Sujet de thèse pour la rentrée 2020

Fundamental investigation of Zr(IV) solubility and surface processes in alkaline systems: a combined solubility, spectroscopic and theoretical study

For a multidisciplinary research project involving extensive work in chemistry laboratories, use of advanced spectroscopic methods, in combination with thermodynamic and theoretical model calculations, we are looking for a highly motivated

PhD Student
Fundamental investigation of Zr(IV) solubility and surface processes in alkaline systems: a combined solubility, spectroscopic and theoretical study.

Background of the project and expected tasks within this PhD
The concept of solubility equilibrium of solids (e.g. metal oxides) in water is an integral part of the thermodynamic assessment of the behavior of nuclear waste in geological formations. Zirconium is an element relevant to the safety assessment of radioactive waste disposal, since it is produced with high yield in fission of uranium and Zr metal is used as a fuel cladding in light water reactors. Zirconium dioxide (zirconia) exists as corrosion product on used nuclear fuel rods and it may be the solubility-controlling phase for the neutron-activated product, 93Zr (t1/2 = 1.53106 a). As other tetravalent metals (e.g. Tc, Re, U, Np, Pu, among others), saturated solutions of Zr(IV) precipitate as sparingly soluble nanoparticulate hydrous oxides. Although the transformation of these amorphous phases into ZrO2(cr) is thermodynamically favored, the process is kinetically hindered and strongly driven by surface reactivity. In this context, the overall goal of this PhD is the investigation of solubility phenomena from a fundamental perspective, looking at surface processes and energetics using a combined experimental and theoretical approach. The study will target the transition between amorphous to crystalline phases, which arises as key process in the solution chemistry of M(IV) (with M = Zr, Tc, An, …). Special efforts will be dedicated to evaluate the fundamental role of water / hydration, particle size and particle growth on solubility.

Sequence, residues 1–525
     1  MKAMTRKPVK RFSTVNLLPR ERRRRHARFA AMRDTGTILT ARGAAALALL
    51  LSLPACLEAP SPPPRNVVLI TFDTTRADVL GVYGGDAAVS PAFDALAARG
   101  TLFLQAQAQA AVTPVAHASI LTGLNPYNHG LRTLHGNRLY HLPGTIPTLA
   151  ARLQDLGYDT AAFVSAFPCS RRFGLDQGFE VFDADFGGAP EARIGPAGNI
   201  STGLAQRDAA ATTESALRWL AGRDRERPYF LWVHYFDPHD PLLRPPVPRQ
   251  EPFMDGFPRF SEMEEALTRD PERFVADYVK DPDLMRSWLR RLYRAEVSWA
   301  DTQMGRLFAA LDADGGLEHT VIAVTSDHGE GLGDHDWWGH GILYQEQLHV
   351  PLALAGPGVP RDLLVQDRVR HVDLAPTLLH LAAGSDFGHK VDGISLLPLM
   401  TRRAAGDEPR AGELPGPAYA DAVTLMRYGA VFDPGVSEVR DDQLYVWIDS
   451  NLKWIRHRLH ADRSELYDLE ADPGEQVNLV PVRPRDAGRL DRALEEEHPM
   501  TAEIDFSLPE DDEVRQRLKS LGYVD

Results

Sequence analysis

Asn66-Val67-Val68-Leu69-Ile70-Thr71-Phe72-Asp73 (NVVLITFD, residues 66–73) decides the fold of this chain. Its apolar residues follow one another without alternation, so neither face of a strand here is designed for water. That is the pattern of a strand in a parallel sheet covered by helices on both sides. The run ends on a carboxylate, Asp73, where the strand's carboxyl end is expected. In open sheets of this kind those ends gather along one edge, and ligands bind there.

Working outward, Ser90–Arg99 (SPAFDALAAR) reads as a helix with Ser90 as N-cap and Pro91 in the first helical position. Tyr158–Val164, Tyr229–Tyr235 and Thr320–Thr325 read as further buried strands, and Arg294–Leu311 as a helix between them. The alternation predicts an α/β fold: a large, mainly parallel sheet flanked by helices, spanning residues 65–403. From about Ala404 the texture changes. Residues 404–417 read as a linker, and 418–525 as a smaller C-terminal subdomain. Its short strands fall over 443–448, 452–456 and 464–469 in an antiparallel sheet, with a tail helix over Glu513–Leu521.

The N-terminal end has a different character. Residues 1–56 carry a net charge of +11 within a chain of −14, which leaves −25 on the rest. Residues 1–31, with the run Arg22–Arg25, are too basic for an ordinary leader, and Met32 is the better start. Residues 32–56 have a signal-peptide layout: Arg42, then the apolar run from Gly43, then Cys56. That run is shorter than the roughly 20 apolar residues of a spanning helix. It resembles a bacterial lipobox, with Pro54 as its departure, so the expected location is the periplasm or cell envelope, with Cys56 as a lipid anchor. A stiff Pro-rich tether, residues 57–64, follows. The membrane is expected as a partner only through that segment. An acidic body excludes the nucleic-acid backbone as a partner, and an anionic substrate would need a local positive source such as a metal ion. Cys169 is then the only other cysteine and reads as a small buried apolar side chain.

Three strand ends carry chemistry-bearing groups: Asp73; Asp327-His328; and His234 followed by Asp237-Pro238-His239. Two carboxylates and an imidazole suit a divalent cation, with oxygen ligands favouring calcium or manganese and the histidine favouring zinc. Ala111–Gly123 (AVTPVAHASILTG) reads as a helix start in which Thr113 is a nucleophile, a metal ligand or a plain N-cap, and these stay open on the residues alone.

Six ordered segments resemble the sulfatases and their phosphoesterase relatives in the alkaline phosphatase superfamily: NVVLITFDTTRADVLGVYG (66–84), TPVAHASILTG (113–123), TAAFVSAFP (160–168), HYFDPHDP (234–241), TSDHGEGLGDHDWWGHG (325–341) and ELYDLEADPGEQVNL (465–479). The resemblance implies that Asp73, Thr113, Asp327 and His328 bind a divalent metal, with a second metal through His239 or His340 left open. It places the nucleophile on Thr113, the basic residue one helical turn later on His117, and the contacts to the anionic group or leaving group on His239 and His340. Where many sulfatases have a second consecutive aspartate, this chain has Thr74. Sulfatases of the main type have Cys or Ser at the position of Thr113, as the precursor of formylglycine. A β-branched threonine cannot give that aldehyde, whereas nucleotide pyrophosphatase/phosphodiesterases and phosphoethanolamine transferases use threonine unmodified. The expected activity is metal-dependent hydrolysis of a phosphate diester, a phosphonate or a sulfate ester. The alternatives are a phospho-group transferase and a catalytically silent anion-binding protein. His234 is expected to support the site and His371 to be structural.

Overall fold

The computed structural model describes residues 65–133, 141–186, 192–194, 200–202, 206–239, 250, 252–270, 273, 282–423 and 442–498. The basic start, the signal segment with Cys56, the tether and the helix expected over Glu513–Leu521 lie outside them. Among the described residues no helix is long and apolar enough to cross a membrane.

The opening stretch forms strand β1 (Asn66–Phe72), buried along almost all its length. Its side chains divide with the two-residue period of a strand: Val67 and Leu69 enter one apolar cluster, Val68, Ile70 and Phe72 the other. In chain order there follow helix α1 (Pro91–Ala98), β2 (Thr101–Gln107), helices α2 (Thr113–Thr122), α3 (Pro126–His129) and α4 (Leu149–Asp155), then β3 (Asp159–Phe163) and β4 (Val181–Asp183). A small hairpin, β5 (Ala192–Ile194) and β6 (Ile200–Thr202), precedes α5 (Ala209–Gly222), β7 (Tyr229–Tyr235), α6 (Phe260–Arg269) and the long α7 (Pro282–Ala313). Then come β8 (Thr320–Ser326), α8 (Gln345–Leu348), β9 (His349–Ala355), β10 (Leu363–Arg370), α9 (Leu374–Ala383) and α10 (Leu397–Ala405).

In the first part of this PhD performed at KIT, you will synthesize amorphous Zr(IV) hydroxide in the laboratory, and will thoroughly characterize the resulting material with a multi-method approach including X-ray diffraction, thermogravimetric analysis (TGDTA), synchrotron-based techniques (e.g. XAFS, HR-XANES), atomic force microscopy (AFM), X-ray photoelectron spectroscopy (XPS), transmission electron microscopy (TEM), among other techniques. You will study the solubility of this solid phase in well-defined aqueous, alkaline solutions, and will evaluate the impact of the temperature on the solubility of the aged solid phases, using the concepts of established solution thermodynamics.
In the second part of this PhD performed at SUBATECH, you will investigate the solubility of crystalline ZrO2 under analogous conditions as in KIT, and will contribute to the improvement of specific analytical methods for the quantification of trace concentrations of Zr. Modern complementary experimental methods will be used for
the characterization of the solid phases, with special focus on surface-sensitive techniques. During the second part of your PhD, you will also become acquitted with theoretical calculations looking at attachment / detachment reactions, surface energetics and eventually molecular dynamics. This will provide a fundamental understanding of the processes taking place at the interface ZrO2-water, and thus the link between amorphous / disordered systems and crystalline phases.
This challenging PhD project will be partially developed at KIT (Karlsruhe, Germany, 1.5 years), partially at SUBATECH (Nantes, France, 1.5 years). During the research period in Nantes, regular stays at the Laboratoire de Chimie Théorique LCT, Université P. M. Curie in Paris will be scheduled under the supervision of Dr. Monica CalatayudAntonino.

Your profile